Sunday, October 6, 2019

Fight Scenes for Peace Lovers

I did a book launch signing yesterday for THE ORCHID THRONE, along with Jane Linskold. So lovely to see that my local indie bookstore, Page 1 Books, has such an array of my books!

It was a fun event and I so appreciate all the folks who took the time to come out.

Our topic at the SFF Seven this week is Writing Fight Scenes. Now, I - somewhat famously, if I want to give myself that much credit - don't like writing fight scenes. I'm really not much for violence overall. I'm that person who covers her ears and shuts her eyes at the scary part in the movie. The fight scenes - especially those extended mano a mano duels that seem to take up the last twenty minutes of every action movie - bore me to death.

I've even been on panels - like one Jennifer Estep put together for RT one year - on Steam vs. Scream: writing sex scenes or writing fight scenes? Spoiler: I'm the sex scene gal.

I love writing sex scenes. They come easily [heh] for me. I love the way the intimacy and power of sex peels open the characters and can drive transformation. People try to tell me that fight scenes do the same thing and my frank opinion is that they're wrong. Fight scenes can reveal character - and should, if well done - and a fight scene can challenge a character, but overall I think that fight scenes drive plot.

So, this makes sense to me, that character-driven writers like myself tend to prefer sex scenes - or any scene delving into emotional intimacy - where plot-driven writers love fight scenes. Marcella Burnard, our Gal Friday here on the blog, is forever claiming that explosions are perfectly valid plot points. I'm sure she's right - they just aren't for me.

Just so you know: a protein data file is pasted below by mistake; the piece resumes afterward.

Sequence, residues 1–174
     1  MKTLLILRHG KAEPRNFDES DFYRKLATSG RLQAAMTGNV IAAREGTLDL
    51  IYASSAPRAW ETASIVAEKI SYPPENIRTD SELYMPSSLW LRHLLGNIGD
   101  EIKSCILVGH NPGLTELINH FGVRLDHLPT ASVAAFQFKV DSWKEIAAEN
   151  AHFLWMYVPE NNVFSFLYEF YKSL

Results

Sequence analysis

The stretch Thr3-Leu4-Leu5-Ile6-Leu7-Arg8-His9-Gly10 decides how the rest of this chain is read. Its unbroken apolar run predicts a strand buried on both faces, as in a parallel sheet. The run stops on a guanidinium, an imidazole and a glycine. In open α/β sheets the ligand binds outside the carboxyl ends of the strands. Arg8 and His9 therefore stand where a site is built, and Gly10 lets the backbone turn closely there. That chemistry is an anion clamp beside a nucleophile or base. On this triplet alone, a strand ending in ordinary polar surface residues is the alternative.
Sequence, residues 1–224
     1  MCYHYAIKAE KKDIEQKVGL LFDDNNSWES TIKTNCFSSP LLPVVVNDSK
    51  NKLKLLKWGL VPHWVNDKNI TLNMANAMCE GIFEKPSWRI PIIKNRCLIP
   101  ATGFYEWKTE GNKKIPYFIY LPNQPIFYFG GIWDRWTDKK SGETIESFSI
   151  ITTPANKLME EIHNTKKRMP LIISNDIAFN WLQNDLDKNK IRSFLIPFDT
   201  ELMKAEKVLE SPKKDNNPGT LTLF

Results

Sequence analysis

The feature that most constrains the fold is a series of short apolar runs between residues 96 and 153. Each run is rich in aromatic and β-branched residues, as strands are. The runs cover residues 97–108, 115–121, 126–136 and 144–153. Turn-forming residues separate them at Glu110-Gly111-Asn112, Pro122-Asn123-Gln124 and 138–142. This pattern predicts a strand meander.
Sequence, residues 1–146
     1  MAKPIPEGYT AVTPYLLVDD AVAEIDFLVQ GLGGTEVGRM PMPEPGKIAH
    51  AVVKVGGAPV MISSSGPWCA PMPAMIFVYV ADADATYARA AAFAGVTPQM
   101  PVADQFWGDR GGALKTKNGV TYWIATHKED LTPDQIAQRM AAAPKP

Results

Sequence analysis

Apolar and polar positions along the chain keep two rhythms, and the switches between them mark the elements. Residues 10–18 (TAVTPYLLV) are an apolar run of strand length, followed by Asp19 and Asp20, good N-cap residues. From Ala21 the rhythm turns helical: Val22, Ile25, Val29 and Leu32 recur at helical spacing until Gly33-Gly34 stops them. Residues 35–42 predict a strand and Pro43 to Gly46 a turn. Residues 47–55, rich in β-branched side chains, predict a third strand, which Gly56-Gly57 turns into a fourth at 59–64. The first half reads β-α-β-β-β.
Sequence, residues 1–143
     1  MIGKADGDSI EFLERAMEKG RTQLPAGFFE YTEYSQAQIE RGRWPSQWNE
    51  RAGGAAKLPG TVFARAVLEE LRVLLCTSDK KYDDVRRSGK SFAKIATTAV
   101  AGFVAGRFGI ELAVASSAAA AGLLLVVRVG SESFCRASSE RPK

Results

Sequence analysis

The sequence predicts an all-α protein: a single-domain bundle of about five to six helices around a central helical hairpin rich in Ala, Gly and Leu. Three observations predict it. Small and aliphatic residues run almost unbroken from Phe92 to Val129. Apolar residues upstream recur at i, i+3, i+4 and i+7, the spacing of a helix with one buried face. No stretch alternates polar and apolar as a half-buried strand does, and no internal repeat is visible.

I titled this post "Fight Scenes for Peace Lovers" and that's probably not fair. I know plenty of writers who create horrifying fight scenes while being perfectly calm, lovely and peaceable people in real life.

But what do you do when, like me, you're someone who abhors conflict and finds fight scenes (and I'm including battle scenes in this) tedious at best? When all I really care about is who wins and what kind of damage the participants suffer going forward.

I can personally vouch that treating them like sex scenes, only with fighting instead of loving, DOES NOT WORK.

You know what worked for me? Layering.

I write the bare bones of the fight scene to get it in the story, then I go back and add to it. The major battle scene in book 2 of Forgotten Empires, THE FIERY CROWN (cover reveal coming October 16 on!), I revised and layered in more and more detail probably a dozen times. On each pass, I was able to take more time to add to the visceral experience of the battle, to slow things down. This really helped me get past the "Joe and Susan duke it out. Joe gets a gut wound. Susan wins." mentality.

Giving myself permission to revisit the scene multiple times and layer in information really made a difference for this Steam writer. I'm sure our Scream writers here at the SFF Seven will have more advice. I know I'll be reading.